Fink : I think so. We have the ability to influence people. People look to artists for inspiration so I think that there is even a responsibility to do what you can or to be at least as aware as you can because people are paying attention. If people are paying attention it’s an opportunity to make the world a better place.
Paste : Do you feel like that came across in the writing at all for Vacilador?
Fink : I think for us environmentalism deals more with how we do things. How we record, how we are going to manufacture, how are we going to distribute the music, how we are going to tour and so on. The songwriting itself is still just about very honest and meaningful things that happened to us. You know, stories about love, stories from our parents, stories from our grandparents. A lot of our songwriting is just retelling stories that we have either experienced or that have resonated with us. And I really think that that ends up being a more powerful environmental message. If you are just singing about conservation, for example, it becomes preachy and you lose a lot of people. We try to just sing about things that anyone with a heart would sing about and let our examples lead the way with how we are doing things. When people like music or start to fall in love with an artist they are definitely going to learn as much as they can about the artist. They want to know about how they live and how they do things. That’s where I feel like where we have the ability to inspire other people and engage them. It’s such a peaceful way of going about it, too, I feel. It’s gentle, it’s encouraging, it’s not preachy at all and to reach more people, too, that way. When we were younger, you know when we were kids, we had a lot of things to protest about (and still do) but more in that mindset it seemed like we just stirred up more anxiety and frustration than anything else. That’s really now what we want. We want more harmony, more corporation among people and more dialogue. So we just focus on writing about things that resonate with us and stories that we love.
Paste : Now is that hard to refrain yourself from sharing things that might be too personal or do you feel like it is a nice release to get your story out?
Fink : You’re saying is it hard to be that open about some really personal things?
Paste : Yeah.
Fink : Yeah it is sometimes. I think sometimes you might have to tell it in a different way. You might be singing a song of a character or a victim as if it’s not you, but it is you. That’s the only way that you can let it out in the open without being afraid. There is different things like that.
Paste : Were there songs like that on Vacilador?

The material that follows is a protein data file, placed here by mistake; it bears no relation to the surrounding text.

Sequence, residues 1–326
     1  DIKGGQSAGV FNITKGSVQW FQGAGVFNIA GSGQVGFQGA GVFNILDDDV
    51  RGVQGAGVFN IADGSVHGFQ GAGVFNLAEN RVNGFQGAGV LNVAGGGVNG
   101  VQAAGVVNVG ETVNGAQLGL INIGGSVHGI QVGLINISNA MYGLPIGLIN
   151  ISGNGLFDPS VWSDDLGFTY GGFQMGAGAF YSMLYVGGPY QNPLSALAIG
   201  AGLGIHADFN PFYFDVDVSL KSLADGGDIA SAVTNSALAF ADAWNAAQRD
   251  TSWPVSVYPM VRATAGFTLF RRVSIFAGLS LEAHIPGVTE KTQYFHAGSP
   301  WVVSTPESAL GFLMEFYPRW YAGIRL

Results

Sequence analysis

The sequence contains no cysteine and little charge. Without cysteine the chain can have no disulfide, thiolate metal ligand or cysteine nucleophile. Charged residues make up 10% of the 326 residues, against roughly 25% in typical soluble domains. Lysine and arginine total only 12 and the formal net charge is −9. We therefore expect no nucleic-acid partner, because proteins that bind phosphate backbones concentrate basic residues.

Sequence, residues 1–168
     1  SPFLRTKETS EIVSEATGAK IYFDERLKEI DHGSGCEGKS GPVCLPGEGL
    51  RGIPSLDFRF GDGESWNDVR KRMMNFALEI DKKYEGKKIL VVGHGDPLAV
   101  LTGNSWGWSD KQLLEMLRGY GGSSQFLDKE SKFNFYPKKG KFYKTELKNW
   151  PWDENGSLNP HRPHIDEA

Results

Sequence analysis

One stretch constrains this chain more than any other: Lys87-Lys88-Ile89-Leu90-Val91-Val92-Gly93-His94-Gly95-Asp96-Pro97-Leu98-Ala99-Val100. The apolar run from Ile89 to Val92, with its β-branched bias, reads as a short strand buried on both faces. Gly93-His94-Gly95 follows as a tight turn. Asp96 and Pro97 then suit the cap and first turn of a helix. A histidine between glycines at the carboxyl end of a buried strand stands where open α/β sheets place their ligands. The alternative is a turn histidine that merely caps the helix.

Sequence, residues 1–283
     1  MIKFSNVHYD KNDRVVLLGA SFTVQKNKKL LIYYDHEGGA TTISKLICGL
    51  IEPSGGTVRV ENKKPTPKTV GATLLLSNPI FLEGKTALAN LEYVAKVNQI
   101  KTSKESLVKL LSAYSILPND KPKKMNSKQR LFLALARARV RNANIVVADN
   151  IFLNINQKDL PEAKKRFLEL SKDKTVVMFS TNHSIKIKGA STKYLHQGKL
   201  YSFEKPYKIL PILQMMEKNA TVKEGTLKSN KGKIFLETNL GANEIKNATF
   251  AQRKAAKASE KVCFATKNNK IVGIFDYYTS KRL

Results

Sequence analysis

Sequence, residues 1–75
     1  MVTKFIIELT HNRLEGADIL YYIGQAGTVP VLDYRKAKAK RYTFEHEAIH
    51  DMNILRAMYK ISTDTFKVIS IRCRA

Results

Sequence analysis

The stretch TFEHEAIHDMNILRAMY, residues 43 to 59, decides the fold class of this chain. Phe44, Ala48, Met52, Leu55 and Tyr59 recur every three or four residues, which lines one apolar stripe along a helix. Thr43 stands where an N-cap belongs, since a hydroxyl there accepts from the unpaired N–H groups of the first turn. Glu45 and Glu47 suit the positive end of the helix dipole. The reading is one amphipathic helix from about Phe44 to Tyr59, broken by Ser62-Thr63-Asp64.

Fink : Absolutely. “Cold Cold Rain” is a very true story about love lost. “Higher Than The Levee” is a story about people in our family, that’s the case with most songs. “Miss You Now” is a song that I wrote about a woman that I loved and always loved and how things didn’t necessarily go as expected. Sometimes – yeah- you just tell it, you tell it from the heart. Sometimes you tell it more as a tale, like a story you might have read a long time ago. You tell it as it happened from some time long ago. Usually you have some kind of sense of how it meant to be shared, whatever that experience is. A lot of these songs, both for me and my brother, just kind of come. They come to us one way or another, maybe in a dream or maybe while we are driving. My brother might be driving just tapping his hands on the stirring wheel looking at a cornfield and he starts to remember something and it comes out as a song. You know, for us there isn’t really a lot of sitting down working on a song, where it is like, ‘Okay, I got one line now what is the next line?’ It is really sort of like there is something urgently poking its way out of us. It feels more like finding songs then writing songs. I have a lot of respect and admiration for people who can just at any moment sit down and write a song, because I don’t know how to do that. I think that would be nice and because I don’t know how to do that I don’t write as many songs as people. What happens to me is I just wake up in the middle of the night or in the morning and there is a song. Then I just go and grab an instrument or a piece of paper and get it down and then it might not happen for months, or there might be a string of them and I just let it be at whatever pace it is. I have faith that another one will always come. I used to be scared, ‘Well, what if another one never comes?’ and I would sit down and think, ‘Okay, I have to learn how to sit down and learn how to write a song’ and you know that didn’t work for me. Then I just trusted in that process and it continued to work out.